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Maintaining a Healthy Household


By Brittany Lightsey, MS, RD, LD

Parents often come to my office defeated, tired, and overwhelmed. Feeding a busy household is a tough job. Set household rules to keep your family on track (and to keep your sanity!). Here are some strategies that are key to a happy, healthy home.

  • Set structured meal and snack times.


Timing is so important. Adopt a meal and snack schedule in your household to prevent grazing. I like to think the kitchen is open or the kitchen is closed. When the kitchen is open, we can have a healthy snack or meal. If the kitchen is closed, we need to stick to water. This helps to prevent boredom eating.

  • Keep healthy options on hand.


Create a healthy snack drawer in your refrigerator filled with zip-lock bags of fruits and veggies, washed and sliced strawberries or melon, cheese sticks and yogurt. Avoid keeping treats in the house and leave those for special occasions. Take your family out for ice cream instead of keeping the indulgence at arm’s length. If you decide to keep less-than-healthy options close by, you have to be OK if your child chooses to eat it. I often see parents who are struggling with their children sneaking food, when the reality is – it is an enormous amount of responsibility to place on a child to avoid tempting foods. Food tastes GOOD! Help your children to avoid temptation but keeping foods like chips, cookies, and ice cream out of the house.

  • Prepare one healthy meal at dinnertime.


I like to refer to this as the P’s & C’s after the Strong4Life Movement. Your job as a parent is to plan, prepare, and provide healthy meals. Your child’s job is to choose whether or not to eat it. The good news for you? If you have hard-to-please kiddos in your house, don’t stress about making meals to please everyone. Studies show that kiddos do not go to bed hungry. Role model healthy habits and your kiddos will catch on.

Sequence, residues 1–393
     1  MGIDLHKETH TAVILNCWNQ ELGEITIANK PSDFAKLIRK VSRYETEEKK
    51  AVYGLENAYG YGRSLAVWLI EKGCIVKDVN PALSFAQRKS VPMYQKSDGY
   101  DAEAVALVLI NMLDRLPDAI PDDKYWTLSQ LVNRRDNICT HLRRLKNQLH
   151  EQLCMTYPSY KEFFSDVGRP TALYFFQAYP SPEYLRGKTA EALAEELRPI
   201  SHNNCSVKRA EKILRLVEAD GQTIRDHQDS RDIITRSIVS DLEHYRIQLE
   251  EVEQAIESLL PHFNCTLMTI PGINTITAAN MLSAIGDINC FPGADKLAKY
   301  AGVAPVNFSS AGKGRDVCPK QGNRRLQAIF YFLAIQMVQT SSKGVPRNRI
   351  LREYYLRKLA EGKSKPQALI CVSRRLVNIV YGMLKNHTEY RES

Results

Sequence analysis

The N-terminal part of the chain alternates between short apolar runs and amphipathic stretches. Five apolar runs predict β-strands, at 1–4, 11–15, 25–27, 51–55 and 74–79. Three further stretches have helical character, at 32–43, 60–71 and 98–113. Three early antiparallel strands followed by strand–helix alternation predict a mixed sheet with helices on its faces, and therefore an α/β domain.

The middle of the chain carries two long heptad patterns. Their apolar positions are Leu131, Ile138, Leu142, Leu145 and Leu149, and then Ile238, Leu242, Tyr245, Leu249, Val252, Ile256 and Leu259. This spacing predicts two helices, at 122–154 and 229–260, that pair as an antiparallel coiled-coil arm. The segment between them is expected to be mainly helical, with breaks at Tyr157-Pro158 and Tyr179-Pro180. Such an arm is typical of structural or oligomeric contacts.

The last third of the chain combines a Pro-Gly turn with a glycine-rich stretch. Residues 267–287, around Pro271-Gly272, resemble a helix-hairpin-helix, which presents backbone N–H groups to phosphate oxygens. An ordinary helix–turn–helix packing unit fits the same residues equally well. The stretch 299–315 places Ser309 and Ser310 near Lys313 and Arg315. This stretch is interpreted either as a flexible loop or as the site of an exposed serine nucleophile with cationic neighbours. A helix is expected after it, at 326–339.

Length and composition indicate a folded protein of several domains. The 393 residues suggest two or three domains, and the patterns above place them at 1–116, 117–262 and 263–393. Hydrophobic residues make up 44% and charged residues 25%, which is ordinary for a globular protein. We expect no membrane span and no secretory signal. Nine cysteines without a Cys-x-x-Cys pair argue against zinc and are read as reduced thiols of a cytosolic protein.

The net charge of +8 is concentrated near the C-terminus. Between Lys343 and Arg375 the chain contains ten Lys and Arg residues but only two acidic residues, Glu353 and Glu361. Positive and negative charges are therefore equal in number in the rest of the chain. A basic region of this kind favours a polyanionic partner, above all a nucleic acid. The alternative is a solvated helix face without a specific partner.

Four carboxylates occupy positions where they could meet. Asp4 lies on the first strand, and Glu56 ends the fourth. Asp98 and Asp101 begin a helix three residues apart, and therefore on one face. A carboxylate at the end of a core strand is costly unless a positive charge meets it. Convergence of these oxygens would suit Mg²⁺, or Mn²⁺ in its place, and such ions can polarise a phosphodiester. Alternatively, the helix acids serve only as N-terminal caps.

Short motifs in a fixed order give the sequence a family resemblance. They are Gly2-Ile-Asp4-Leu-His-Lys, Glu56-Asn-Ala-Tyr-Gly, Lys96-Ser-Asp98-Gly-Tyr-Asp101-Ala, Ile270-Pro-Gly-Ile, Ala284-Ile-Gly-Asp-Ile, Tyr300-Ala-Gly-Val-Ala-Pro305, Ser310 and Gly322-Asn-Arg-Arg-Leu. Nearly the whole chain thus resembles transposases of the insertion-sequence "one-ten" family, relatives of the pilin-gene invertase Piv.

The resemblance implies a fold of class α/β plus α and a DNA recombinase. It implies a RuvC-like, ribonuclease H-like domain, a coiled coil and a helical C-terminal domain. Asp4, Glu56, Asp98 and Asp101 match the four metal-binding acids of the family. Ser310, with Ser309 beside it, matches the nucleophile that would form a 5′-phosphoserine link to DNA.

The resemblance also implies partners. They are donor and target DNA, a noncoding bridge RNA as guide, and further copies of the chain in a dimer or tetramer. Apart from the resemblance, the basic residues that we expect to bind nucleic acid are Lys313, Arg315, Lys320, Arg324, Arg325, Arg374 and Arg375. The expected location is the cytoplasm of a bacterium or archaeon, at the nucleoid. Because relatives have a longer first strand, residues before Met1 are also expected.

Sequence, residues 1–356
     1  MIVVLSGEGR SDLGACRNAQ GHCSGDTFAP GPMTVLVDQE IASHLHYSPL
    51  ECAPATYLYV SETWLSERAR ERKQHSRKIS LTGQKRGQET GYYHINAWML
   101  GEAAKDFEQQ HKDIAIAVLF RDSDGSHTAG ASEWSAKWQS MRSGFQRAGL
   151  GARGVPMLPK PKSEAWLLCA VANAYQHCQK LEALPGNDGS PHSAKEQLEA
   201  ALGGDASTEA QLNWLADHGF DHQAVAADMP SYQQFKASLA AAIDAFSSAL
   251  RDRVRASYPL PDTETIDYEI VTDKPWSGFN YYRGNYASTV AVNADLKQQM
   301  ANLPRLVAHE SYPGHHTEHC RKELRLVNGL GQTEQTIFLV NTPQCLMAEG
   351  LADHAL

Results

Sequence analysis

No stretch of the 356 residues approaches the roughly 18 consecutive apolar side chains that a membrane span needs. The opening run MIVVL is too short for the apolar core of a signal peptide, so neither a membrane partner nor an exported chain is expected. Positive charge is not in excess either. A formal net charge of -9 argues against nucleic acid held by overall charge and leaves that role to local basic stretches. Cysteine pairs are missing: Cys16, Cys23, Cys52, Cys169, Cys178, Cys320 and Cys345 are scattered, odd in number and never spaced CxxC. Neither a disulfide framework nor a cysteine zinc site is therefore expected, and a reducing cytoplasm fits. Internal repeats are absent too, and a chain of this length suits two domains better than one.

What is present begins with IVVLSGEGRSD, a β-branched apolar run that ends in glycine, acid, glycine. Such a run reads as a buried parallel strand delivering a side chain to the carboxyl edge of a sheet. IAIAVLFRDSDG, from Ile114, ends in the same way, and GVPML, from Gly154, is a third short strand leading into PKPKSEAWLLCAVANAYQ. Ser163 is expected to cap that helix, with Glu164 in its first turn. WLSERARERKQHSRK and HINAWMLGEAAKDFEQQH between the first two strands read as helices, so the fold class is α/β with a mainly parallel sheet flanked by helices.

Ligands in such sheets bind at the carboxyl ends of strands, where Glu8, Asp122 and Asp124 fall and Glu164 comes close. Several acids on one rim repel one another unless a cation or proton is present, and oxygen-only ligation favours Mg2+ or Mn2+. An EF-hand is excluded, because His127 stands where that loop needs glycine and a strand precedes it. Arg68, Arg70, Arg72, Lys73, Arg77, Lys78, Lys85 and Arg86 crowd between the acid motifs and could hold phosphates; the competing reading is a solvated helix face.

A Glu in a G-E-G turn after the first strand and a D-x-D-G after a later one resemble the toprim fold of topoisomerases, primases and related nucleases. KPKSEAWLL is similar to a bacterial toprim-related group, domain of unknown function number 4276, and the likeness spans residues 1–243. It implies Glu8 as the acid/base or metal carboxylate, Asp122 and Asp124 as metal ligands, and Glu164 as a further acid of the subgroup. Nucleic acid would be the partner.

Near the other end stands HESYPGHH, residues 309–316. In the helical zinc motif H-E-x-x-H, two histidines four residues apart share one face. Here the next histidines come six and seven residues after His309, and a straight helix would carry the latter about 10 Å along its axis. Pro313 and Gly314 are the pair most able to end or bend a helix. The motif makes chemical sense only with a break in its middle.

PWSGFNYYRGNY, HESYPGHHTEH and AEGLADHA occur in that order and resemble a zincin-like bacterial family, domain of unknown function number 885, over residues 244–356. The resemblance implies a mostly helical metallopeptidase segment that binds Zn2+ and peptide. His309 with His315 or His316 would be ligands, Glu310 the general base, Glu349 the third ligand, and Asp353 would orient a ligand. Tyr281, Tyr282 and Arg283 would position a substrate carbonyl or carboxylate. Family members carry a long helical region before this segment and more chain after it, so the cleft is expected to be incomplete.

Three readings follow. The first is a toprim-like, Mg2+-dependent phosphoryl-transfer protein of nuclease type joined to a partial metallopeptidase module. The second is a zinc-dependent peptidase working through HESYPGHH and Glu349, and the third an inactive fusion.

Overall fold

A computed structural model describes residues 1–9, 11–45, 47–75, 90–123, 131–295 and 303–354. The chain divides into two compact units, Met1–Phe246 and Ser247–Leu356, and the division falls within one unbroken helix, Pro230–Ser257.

Introduce, introduce, introduce!

Offer new foods on the same plate with others your child already enjoys. Repeatedly offering foods also increases the chances a child will accept it. Think the more, the better. CONSIDER THIS:  – even up to 14 times! Allow a “no thank you bite,” taking one bite of a new fruit or vegetable and allowing your child to say “no thank you” if he/she does not like it after tasting it.

  • Keep TVs off and electronics away from the table.


These distract our attention away from eating and we often eat too much. Another downside? Our kids are not learning how to socialize with each other. Take advantage of this precious time with your family to converse and role model healthy eating.



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